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Luminita Tarita-Nistor, Michael H. Brent, Martin J. Steinbach, Esther G. González; Fixation Stability during Binocular Viewing in Patients with Age-Related Macular Degeneration. Invest. Ophthalmol. Vis. Sci. 2011;52(3):1887-1893. doi: 10.1167/iovs.10-6059.
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The authors examined the fixation stability of patients with age-related macular degeneration (AMD) and large interocular acuity differences, testing them in monocular and binocular viewing conditions. The relationship between fixation stability and visual performance during monocular and binocular viewing was also studied.
Twenty patients with AMD participated. Their monocular and binocular distance acuities were measured with the ETDRS charts. Fixation stability of the better and worse eye were recorded monocularly with the MP-1 microperimeter (Nidek Technologies Srl., Vigonza, PD, Italy) and binocularly with an EyeLink eye tracker (SR Research Ltd., Mississauga, Ontario, Canada). Additional recordings of monocular fixations were obtained with the EyeLink in viewing conditions when one eye viewed the target while the fellow eye was covered by an infrared filter so it could not see the target.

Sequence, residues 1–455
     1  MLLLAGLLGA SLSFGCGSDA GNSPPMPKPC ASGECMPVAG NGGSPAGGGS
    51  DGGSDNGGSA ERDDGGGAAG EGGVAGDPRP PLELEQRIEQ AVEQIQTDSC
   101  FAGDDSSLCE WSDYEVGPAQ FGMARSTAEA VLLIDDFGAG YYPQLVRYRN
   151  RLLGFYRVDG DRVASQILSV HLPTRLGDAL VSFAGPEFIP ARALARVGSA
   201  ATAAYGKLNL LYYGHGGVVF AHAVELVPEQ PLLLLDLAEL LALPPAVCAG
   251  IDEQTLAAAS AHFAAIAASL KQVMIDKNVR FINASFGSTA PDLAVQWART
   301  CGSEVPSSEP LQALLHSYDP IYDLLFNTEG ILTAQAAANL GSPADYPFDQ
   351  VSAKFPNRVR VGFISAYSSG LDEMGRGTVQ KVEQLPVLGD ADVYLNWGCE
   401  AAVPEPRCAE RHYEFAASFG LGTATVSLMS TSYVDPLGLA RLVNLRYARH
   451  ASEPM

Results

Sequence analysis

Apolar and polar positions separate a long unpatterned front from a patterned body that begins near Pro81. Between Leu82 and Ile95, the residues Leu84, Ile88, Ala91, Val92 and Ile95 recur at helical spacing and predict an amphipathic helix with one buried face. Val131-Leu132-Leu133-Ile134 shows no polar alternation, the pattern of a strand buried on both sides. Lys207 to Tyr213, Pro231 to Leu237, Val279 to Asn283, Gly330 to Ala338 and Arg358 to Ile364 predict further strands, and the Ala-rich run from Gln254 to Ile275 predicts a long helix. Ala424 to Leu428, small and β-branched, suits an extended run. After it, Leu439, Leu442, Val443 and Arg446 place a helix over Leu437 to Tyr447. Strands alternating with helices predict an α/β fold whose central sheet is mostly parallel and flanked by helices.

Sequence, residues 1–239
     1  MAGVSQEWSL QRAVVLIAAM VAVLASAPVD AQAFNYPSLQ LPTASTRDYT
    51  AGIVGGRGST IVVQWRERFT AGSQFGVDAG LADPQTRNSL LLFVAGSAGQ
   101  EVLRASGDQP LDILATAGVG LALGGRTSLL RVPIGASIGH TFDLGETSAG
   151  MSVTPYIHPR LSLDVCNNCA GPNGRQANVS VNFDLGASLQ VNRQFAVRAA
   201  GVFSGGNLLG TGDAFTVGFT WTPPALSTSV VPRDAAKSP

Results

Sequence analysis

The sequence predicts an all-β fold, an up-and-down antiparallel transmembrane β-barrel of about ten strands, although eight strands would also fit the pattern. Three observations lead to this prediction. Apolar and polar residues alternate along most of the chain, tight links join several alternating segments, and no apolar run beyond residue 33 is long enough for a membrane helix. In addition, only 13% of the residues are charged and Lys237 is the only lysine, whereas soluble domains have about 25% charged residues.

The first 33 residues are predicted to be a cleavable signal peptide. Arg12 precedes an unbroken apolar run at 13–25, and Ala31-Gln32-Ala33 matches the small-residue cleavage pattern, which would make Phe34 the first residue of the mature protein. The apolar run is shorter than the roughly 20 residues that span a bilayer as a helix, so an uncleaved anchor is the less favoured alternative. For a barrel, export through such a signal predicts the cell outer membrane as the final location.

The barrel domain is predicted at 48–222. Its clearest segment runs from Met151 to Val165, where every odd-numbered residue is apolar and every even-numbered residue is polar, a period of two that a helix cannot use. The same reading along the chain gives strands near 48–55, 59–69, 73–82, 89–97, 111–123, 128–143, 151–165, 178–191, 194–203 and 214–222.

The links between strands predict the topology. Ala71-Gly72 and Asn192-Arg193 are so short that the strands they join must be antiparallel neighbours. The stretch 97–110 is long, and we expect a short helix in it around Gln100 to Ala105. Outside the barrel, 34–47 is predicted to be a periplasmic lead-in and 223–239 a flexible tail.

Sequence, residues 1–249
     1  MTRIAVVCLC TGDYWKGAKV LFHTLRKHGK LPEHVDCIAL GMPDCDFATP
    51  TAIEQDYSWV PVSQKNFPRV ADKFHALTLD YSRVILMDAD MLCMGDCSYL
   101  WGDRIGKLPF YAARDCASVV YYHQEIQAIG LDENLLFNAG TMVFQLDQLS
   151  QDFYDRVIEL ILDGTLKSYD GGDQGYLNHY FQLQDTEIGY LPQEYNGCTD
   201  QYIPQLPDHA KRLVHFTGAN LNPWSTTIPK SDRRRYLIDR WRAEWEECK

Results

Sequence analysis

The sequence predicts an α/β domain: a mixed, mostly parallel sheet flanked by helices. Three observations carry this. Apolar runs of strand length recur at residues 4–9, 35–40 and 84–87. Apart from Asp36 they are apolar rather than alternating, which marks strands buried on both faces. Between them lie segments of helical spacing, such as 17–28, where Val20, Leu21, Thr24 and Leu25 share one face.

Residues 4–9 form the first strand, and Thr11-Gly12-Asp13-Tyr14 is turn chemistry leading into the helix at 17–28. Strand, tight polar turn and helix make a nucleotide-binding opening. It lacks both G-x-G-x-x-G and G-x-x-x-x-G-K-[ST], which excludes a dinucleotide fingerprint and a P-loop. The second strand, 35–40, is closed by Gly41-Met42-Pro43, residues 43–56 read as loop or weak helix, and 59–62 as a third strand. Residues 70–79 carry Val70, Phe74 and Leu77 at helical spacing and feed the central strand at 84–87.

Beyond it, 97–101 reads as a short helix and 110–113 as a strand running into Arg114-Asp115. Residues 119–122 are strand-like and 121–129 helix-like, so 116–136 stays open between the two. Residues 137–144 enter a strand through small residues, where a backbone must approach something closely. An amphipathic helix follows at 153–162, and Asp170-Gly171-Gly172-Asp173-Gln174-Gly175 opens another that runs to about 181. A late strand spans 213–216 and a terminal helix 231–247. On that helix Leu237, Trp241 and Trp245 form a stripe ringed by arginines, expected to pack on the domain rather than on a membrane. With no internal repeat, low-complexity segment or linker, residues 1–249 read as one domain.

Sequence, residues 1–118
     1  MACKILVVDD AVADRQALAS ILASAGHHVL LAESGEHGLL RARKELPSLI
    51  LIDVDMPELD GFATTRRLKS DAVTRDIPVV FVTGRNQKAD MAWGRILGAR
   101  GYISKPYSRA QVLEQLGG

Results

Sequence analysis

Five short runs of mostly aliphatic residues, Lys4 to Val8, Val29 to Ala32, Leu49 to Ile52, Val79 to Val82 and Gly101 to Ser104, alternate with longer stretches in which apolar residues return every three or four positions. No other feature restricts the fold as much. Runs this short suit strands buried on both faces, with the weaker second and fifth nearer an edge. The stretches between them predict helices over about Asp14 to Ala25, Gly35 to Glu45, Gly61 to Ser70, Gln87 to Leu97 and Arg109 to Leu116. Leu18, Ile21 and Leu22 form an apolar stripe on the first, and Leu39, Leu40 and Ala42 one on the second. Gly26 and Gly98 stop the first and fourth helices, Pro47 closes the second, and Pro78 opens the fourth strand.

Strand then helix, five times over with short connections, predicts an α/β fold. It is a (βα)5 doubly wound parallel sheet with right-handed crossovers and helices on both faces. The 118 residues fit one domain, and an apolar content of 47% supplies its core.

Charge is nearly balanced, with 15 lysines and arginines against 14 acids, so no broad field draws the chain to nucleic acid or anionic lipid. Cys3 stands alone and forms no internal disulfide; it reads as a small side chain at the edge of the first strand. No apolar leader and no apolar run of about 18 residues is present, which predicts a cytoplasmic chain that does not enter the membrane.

Fixation stability of the better eye did not change across viewing conditions. Fixation stability of the worse eye was 84% to 100% better in the binocular condition than in monocular conditions. Fixation stability of the worse eye was significantly larger (P < 0.05) than that of the better eye when recorded monocularly with the MP-1 microperimeter. This difference was dramatically reduced in the binocular condition but remained marginally significant (95% confidence interval, −0.351 to −0.006). For the better eye, there was a moderate relationship between fixation stability and visual acuity, both monocular and binocular, in all conditions in which this eye viewed the target.
Fixational ocular motor control and visual acuity are driven by the better-seeing eye when patients with AMD and large interocular acuity differences perform the tasks binocularly.
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